Stray thoughts – A Reflection to conclude the Season.

Paddy Kavanagh, the Irish poet wrote often and beautifully about the meaning of Christmas and the presence of God in our lives.
For Kavanagh, childhood, poetry and theology were all of one piece. Everything he wrote, captured something of the mystery of the incarnation. He wrote about the most common things which he saw as carrying hints of heaven.
His farm was the Bible. Country Monaghan was his Bethlehem. His poetry was his prayer. He had his Emmaus revelations along the Iniskeen Road.
He had no fear of a punishing God. For him, the Maker of an astonishing creation could only be a beautiful and loving God, a tender Mother who ‘caresses the daily and nightly earth.’ The miracle of continuing Creation, of the renewal of the world each day and each season, filled him with a child’s wonder. “ And in the green meadows,” he wrote “the maiden of spring is with child through the holy Ghost.”
His most quoted lines are:
God is in the bits and pieces of Everyday: A Kiss here, a laugh again, and sometimes tears.”
Kavanagh invites us to look at the world and to see beauty in the things we take for granted. But he does more than that: he goes beneath the beauty and shows us the inner meaning, “Until one day, we will recognise the face of our incarnate God of surprises and disguises everywhere. ”
As a child, Kavanagh’s every visit to the patch of wild weeds behind his house “ where sows root and hens scratch” was like “dipping his fingers in the pockets of God.”   Those pockets were his five senses and they were never empty. He reminds us in his poem ‘Advent’ that when the Christmas carols are over, the incarnate melody of the daily psalms begins – the music of life continues to touch our souls every day if we are attuned to the beats.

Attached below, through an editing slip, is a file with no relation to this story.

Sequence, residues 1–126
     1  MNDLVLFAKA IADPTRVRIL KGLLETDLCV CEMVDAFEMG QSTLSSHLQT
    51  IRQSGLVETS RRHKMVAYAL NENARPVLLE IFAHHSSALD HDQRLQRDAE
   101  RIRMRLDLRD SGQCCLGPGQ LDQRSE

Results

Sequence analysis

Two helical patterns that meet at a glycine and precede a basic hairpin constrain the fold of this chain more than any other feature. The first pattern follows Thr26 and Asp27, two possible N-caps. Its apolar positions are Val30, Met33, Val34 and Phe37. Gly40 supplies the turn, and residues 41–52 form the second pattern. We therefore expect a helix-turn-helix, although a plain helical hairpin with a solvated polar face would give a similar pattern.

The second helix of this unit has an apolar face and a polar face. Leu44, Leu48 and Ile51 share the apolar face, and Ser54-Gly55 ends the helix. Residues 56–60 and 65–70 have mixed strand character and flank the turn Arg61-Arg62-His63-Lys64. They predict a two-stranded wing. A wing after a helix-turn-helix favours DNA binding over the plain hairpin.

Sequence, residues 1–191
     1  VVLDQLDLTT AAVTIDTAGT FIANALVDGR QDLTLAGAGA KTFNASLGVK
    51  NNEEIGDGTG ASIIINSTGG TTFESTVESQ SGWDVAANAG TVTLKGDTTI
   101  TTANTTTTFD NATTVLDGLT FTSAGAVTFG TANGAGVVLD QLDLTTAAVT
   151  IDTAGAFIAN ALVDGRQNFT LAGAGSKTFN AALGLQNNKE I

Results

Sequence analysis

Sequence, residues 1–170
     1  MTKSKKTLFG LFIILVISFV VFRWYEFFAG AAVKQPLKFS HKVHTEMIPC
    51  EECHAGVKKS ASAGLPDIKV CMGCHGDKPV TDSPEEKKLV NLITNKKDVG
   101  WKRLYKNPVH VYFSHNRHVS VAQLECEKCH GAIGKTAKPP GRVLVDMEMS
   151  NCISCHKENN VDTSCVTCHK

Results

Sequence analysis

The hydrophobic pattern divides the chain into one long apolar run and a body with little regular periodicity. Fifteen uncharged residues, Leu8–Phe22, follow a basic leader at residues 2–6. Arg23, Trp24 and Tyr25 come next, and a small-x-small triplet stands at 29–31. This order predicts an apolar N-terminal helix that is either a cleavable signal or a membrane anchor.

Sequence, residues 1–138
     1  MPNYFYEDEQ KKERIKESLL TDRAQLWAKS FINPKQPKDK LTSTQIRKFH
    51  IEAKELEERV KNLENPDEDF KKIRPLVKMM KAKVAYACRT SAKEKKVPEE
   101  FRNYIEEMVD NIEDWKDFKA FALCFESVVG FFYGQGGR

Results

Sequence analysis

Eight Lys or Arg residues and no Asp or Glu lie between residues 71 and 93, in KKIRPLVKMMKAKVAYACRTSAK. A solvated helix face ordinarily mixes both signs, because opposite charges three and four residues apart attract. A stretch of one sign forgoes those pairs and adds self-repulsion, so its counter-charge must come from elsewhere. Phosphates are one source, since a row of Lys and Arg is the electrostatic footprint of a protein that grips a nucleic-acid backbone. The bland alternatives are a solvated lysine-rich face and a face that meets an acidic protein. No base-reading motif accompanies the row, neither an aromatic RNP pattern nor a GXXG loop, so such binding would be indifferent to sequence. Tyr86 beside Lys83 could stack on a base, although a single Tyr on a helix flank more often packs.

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3 Comments

  1. Lloyd Allan MacPherson says:

    This article has made me believe that religion and God himself is no longer present in an environment where there is disparity. God simply exists on the fringes of this society where poverty, homelessness and desperation exists. So if these conditions exist anywhere within our touch or influence, God is no longer with us – he is there waiting to be discovered.

  2. Michael Paul Burns says:

    I always welcome the first fresh buds of Springtime with wonder and even a sense of relief; our Father still loves his world after all, in spite of the terrible evils which abound everywhere…

  3. One particular phrase that stood out for me from Seamus Ahearne’s posting was “His poetry was his prayer”
    I would suggest that Poetry is the use of language in a cared-for way, the story told through words and lines shaped and formed with a deliberate, spare intent.
    As such, poetry can be a time of prayer, for it leads us to a place apart where we can listen to the voice of the Lord through the gift of words that the poet uses. The essence of prayer is within our very being.

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